The law banned outlaw motorcycle club members from wearing club colours in public and made it illegal for a person to habitually consort with two or more recognised offenders after being warned by police not to do so.
While no one had been convicted in at least two years, the report showed 237 pre-emptive verified warnings were issued in 2018-19 as well as 152 retrospective verified warnings and 129 consorting preventative directions.
Police Minister Mark Ryan said despite the lack of convictions the laws were working and were “the strongest, most comprehensive laws” in the nation.
“The relatively small number of convictions in relation to habitual consorting laws demonstrates that members of outlaw motorcycle gangs know police will target them if they breach those laws,” he said.
“The evidence shows that the vast majority of people issued with a habitual consorting notice are complying with the conditions imposed because they know not to do so will result in them being targeted by police.”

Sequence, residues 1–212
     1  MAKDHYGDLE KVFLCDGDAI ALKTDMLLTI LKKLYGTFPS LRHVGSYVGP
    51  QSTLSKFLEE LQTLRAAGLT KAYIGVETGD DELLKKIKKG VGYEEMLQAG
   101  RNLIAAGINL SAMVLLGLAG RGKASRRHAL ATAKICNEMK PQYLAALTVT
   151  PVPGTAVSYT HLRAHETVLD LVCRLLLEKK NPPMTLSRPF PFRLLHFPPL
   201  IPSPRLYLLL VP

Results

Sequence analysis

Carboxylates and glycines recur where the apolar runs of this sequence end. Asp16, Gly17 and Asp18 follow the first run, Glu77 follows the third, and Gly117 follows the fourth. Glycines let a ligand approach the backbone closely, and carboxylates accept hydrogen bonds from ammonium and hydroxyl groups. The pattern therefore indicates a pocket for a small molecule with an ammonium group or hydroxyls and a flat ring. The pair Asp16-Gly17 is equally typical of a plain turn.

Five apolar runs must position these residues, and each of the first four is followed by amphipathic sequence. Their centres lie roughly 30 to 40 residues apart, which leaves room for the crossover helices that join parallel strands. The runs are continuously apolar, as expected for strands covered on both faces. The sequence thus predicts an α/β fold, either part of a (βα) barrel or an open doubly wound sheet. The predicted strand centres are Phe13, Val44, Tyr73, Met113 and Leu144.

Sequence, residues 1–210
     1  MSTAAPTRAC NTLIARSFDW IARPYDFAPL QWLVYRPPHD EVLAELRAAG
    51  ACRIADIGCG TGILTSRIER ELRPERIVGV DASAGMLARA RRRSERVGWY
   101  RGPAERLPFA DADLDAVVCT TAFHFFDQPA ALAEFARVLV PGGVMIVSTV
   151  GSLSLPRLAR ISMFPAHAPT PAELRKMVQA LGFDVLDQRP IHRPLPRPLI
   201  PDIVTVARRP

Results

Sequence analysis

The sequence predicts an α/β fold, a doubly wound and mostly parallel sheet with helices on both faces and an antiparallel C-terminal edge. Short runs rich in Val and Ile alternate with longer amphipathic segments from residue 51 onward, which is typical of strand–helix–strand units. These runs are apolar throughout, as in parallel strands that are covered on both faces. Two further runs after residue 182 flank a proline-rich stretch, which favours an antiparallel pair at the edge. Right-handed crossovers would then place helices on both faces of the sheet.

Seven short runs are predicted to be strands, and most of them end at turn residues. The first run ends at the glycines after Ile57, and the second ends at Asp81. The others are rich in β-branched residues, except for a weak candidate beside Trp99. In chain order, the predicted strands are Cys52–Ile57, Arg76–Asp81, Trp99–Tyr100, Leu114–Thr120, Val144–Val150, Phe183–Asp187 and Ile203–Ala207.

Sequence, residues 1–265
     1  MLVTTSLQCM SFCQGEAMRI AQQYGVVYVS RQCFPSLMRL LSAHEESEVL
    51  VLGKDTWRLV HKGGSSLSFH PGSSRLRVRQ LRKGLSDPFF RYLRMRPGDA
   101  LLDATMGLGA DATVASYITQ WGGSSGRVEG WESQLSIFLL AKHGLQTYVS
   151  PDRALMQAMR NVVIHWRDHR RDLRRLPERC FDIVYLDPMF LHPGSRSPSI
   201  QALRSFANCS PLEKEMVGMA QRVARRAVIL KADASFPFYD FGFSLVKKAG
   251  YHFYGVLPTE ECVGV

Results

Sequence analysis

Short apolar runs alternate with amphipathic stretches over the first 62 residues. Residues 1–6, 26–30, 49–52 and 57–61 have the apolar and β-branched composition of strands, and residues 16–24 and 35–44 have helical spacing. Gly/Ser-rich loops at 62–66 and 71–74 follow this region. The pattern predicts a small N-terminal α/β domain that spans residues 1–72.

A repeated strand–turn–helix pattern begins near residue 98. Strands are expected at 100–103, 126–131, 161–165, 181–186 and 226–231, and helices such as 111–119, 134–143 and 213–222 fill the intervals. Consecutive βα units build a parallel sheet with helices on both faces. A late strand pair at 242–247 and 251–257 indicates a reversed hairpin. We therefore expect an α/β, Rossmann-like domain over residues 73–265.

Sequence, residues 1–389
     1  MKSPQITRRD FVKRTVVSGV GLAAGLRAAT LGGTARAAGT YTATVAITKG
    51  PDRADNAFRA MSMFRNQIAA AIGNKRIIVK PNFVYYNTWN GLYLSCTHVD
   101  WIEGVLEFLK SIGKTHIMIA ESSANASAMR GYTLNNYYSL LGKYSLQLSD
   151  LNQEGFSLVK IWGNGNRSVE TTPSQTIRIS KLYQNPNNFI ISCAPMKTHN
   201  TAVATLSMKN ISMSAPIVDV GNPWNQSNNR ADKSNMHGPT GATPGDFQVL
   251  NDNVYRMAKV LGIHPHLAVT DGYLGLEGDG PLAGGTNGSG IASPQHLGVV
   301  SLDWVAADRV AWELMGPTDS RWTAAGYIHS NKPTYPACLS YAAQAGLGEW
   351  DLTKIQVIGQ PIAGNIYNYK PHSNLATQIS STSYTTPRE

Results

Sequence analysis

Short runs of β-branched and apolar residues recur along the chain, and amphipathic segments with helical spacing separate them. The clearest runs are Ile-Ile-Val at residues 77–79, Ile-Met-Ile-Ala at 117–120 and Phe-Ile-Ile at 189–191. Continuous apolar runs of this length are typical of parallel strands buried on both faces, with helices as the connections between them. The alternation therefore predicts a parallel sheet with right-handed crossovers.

LNP police spokesman Trevor Watts said the laws were “weak” and not working.
“Bikies get a slap on the wrist and then Labor sends them back out into the community in no time,” he said.
“Accused bikies were kept on remand and communities were kept safe under the LNP, but Annastacia Palaszczuk replaced tough laws with her weak consorting offence.
“The LNP will deliver action by bringing back our anti-consorting laws and cracking down on gun crime – we already have laws before the Parliament that include tougher penalties and new offences.”
The bill Mr Watts referred to was introduced in May and would allow “high-risk” Queenslanders to be searched by police at any time, without a warrant.
Mr Ryan said outlaw motorcycle gang memberships were declining.
“Many are throwing in their colours and many are behind bars,” he said.
He said since the laws were introduced, 132 full patched members had disaffiliated and more than 2000 bikies had been charged with 11,735 offences.
Former Supreme Court justice Peter Lyons, who authored the report, said legislation was implemented on a district level, which allowed “policing resources to be quickly directed”.
“There is no single centralised unit or individual responsible for state-wide monitoring and co-ordination of the way in which consorting is operationalised on a day-to-day basis,” he wrote.
Lydia Lynch is a reporter for the Brisbane Times